Paul Gavarni

Those were the days of masked balls, says Mr. de Chennevières. At the Opéra and at the Théatre de la Renaissance, Gavarni’s débardeurs and chicards were all the rage. We were all crazy about Gavarni then, crazy about his pencil, crazy about his captions, just like we would soon become crazy about Musset.

At that time, Gavarni was also very busy with various works for book publishers, illustrating Les Français peints par eux-mêmes (Pictures of the French), The Wandering Jew, Physiologies, and Le Diable à Paris. But there is more to this latter work than just book illustration: it is the continuation of his endeavor, of the contemporary comedy, with the only difference that the pieces were engraved on wood instead of being lithographed.

From the series Carnaval, from “Le Diable à Paris”
From the series Carnaval, from Le Diable à Paris

He gave to the la Revue musicale his series Musiciens comiques and Physionomies de chanteurs, which are so funny. He drew one hundred pieces for La Correctionnelle. He didn’t give up fashion drawing. In the Charivari, he persistently advertised clothes from the famous tailor Humann. And Humann, for his part, told anyone who would listen that only one man in the world could design a black suit and that this man was Gavarni. This blending of art, literature and dandyism was the unique aspect of Gavarni’s personality. He was the epitome of distinction, lending distinction to everything that went through his pencil or his pen.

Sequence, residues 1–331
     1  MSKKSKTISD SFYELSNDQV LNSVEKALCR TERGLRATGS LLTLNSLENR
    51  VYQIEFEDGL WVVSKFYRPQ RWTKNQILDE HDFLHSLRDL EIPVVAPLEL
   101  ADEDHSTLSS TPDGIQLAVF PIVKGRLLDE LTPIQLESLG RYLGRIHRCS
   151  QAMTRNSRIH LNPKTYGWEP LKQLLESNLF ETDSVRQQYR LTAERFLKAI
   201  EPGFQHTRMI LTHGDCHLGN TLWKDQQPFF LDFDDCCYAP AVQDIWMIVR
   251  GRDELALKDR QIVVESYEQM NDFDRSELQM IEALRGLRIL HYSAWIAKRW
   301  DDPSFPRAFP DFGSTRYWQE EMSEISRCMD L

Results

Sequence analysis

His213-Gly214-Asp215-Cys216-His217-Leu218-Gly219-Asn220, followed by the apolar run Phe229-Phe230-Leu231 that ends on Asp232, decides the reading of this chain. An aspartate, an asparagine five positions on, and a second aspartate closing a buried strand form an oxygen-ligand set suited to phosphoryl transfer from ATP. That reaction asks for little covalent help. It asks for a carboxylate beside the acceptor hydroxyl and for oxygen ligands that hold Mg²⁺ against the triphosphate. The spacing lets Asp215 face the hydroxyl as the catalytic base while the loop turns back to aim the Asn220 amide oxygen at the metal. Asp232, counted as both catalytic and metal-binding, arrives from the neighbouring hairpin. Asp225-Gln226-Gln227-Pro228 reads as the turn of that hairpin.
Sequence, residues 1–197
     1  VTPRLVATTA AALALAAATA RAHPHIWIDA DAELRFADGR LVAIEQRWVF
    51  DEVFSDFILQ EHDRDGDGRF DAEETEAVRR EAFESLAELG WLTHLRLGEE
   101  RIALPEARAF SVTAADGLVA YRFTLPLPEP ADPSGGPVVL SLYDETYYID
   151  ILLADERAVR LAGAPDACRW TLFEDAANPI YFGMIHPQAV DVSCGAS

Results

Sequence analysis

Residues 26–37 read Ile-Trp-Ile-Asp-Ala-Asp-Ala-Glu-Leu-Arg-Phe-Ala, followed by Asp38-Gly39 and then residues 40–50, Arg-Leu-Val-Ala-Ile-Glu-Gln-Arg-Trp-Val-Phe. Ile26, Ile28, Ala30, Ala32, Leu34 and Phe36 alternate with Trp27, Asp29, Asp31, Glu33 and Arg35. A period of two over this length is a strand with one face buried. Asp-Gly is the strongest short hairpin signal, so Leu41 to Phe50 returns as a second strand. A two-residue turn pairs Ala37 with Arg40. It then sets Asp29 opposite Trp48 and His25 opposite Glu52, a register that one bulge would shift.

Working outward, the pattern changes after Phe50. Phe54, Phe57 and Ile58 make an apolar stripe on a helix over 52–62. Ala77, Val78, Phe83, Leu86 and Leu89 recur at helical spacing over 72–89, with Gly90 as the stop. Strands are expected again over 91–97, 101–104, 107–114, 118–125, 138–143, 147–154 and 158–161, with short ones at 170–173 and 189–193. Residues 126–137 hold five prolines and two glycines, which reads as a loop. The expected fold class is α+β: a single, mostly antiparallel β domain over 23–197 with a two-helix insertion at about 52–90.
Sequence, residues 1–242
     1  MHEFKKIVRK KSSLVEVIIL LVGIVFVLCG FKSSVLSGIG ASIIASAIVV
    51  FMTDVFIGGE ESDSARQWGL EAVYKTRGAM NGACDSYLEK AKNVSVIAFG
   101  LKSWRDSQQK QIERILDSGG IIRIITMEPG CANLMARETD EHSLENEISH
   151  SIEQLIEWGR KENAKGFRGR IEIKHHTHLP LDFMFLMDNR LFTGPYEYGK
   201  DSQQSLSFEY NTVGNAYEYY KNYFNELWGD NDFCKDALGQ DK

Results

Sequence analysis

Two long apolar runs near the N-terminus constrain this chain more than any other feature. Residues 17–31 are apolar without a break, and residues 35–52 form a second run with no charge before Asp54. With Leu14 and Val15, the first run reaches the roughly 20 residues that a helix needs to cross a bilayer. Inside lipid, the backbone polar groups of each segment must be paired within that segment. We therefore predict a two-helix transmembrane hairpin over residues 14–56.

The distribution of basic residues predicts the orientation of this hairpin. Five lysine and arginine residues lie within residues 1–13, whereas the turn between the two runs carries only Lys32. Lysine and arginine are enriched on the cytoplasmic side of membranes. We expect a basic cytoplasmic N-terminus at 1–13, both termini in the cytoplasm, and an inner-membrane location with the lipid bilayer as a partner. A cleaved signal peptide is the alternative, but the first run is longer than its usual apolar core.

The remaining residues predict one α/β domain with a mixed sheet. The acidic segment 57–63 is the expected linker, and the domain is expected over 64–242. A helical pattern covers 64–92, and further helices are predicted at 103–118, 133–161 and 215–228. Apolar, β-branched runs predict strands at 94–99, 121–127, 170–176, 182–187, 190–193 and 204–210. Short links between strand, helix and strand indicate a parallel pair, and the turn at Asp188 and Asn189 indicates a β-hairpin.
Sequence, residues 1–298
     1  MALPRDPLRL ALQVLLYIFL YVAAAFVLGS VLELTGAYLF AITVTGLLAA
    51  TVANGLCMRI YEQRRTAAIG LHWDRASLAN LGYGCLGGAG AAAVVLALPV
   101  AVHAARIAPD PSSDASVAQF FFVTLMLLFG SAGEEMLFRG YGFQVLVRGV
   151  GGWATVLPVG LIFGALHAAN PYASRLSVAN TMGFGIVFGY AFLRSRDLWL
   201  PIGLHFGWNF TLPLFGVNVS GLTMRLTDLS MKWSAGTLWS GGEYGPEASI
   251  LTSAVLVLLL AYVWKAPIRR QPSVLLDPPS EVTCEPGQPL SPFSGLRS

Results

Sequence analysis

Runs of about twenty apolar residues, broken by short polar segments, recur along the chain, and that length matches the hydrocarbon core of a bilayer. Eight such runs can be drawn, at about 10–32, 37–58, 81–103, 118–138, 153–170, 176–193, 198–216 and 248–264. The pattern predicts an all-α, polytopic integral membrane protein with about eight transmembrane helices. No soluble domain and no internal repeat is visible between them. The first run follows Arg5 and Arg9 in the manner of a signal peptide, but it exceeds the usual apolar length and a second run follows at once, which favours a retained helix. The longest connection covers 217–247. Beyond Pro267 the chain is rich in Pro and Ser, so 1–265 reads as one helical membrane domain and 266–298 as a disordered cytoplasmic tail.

If ever a man seemed to be made to live indefinitely the life of a bachelor, it was Gavarni: yet he got married (in December 1844, to Mademoiselle de Bonabry). The arrangement of the garden became his passion. Ah! this garden, this amazing garden at Auteuil, a bottomless pit designed and redesigned twenty times, where he planted and dug up and planted again the rarest and most ruinously expensive species of trees. The garden that he would start reworking at one end, and, when he thought he was done with it, at the other, where mounds turned to hollows and hollows to mounds through constant whims, and everyone knows the cost of laborers’ sweat and of the comings and goings of their wheelbarrows. It is those shovels full of earth, dug over and over, that buried all of Gavarni’s earnings during the long period of his stay at Auteuil; that was his true joy, but did he pay for it[1].
In December 1847, Gavarni left for England, with darkness in his thoughts and business worries that turned his journey into an exile from France, at least for a while. He thought that he would stay in England only a few weeks. He remained almost four years.